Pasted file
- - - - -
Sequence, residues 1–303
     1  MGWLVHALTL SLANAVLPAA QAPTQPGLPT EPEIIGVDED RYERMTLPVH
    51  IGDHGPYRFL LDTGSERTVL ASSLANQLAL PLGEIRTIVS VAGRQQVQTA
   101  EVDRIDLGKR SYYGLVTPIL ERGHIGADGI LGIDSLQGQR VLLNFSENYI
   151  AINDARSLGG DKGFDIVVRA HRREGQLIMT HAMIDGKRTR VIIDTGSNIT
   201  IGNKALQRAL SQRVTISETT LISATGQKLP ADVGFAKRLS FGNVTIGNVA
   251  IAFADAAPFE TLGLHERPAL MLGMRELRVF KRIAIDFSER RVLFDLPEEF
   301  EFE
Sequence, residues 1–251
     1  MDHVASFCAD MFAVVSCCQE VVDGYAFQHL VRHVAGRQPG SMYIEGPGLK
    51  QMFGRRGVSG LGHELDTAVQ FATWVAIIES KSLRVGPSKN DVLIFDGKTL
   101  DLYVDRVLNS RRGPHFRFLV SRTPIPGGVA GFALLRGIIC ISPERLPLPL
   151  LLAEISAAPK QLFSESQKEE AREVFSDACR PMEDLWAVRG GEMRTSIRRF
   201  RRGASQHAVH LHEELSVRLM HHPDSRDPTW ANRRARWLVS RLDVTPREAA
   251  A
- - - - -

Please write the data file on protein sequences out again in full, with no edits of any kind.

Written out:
Sequence, residues 1–303
     1  MGWLVHALTL SLANAVLPAA QAPTQPGLPT EPEIIGVDED RYERMTLPVH
    51  IGDHGPYRFL LDTGSERTVL ASSLANQLAL PLGEIRTIVS VAGRQQVQTA
   101  EVDRIDLGKR SYYGLVTPIL ERGHIGADGI LGIDSLQGQR VLLNFSENYI
   151  AINDARSLGG DKGFDIVVRA HRREGQLIMT HAMIDGKRTR VIIDTGSNIT
   201  IGNKALQRAL SQRVTISETT LISATGQKLP ADVGFAKRLS FGNVTIGNVA
   251  IAFADAAPFE TLGLHERPAL MLGMRELRVF KRIAIDFSER RVLFDLPEEF
   301  EFE
Sequence, residues 1–251
     1  MDHVASFCAD MFAVVSCCQE VVDGYAFQHL VRHVAGRQPG SMYIEGPGLK
    51  QMFGRRGVSG LGHELDTAVQ FATWVAIIES KSLRVGPSKN DVLIFDGKTL
   101  DLYVDRVLNS RRGPHFRFLV SRTPIPGGVA GFALLRGIIC ISPERLPLPL
   151  LLAEISAAPK QLFSESQKEE AREVFSDACR PMEDLWAVRG GEMRTSIRRF
   201  RRGASQHAVH LHEELSVRLM HHPDSRDPTW ANRRARWLVS RLDVTPREAA
   251  A